Corresponding training course: IMINS2
- CCNA Routing and Switching: The certification involves training related to the interactions and network functions of firewalls, wireless controllers and access points, as well as network security.
- CCNA Security: As a security specialist, you will develop the security infrastructure of an organization. Identify threats and eliminate security breaches, and prevent them from happening. Requires CCENT, CCNA Routing and Switching, or any CCIE certification.
Corresponding training course: IINS
- CCNA Service Provider: Network engineers, technicians, and support personnel who seek expertise in the configuration and implementation of next-generation networks can benefit from this certification.
Corresponding training courses: SPNG1 and SPNG2
- CCNA Wireless: The certification will allow individuals to configure and monitor Cisco Wireless Technology in businesses. Skills include troubleshooting and support skills. Requires CCENT, CCNA Routing and Switching, or any CCIE certification.
Corresponding training courses: WIFUND
CCNP and CCIE
Cisco Certified Network Professional (CCNP) and Cisco Certified Internetwork Expert (CCIE) are next in the following segments, in the Professional and Expert tiers, respectively. As you progress, you will be required to complete prerequisites before you can appear for Professional and Expert-level exams.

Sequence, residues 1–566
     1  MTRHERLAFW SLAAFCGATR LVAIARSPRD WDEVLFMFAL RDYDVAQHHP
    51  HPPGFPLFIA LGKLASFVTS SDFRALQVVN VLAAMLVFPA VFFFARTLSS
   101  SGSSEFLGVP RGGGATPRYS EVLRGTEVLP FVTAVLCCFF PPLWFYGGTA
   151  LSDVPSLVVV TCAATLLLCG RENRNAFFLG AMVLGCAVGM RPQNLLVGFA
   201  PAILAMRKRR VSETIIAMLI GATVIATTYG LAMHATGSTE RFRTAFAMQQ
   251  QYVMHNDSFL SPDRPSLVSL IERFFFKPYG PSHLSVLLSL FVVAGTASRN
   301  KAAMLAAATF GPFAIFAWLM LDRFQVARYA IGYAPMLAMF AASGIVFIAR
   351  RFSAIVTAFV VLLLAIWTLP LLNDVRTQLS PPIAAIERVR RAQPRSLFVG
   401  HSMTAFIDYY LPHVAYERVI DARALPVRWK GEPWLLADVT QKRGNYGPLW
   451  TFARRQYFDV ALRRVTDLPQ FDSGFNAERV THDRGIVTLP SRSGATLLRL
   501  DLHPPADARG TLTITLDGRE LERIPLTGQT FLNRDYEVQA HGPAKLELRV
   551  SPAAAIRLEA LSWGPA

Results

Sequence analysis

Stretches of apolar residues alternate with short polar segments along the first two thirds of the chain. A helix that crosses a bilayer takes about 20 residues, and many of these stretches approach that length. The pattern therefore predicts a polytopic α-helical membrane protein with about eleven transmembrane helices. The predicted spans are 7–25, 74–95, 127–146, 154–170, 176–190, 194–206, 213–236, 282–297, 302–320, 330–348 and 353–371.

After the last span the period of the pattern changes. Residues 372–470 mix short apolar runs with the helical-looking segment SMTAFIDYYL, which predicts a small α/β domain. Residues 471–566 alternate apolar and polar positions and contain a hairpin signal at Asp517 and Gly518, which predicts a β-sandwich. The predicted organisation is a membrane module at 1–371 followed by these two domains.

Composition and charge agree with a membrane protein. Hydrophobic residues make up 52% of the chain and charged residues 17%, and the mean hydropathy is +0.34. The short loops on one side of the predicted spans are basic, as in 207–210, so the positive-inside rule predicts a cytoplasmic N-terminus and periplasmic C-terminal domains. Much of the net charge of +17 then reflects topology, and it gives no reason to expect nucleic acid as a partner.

Check out Cisco’s official website to navigate your way through each certification and see its prerequisite and required training courses.
Once you have decided which path you want to take, you can start learning through QuickStart, and receive your desired IT certifications. You can then attempt a certification exam by appearing in one of Pearson VUE’s testing centers. They are an accredited entity that oversees Cisco certification exams.
Cisco certifications are not easy. For example, your CCNA certification expires after three years, unless you are reassessed. It is one major reason why Cisco certifications appear tougher than, say, Microsoft Certified Solutions Expert (MCSE) certifications. However, their value certainly makes up for such difficulties.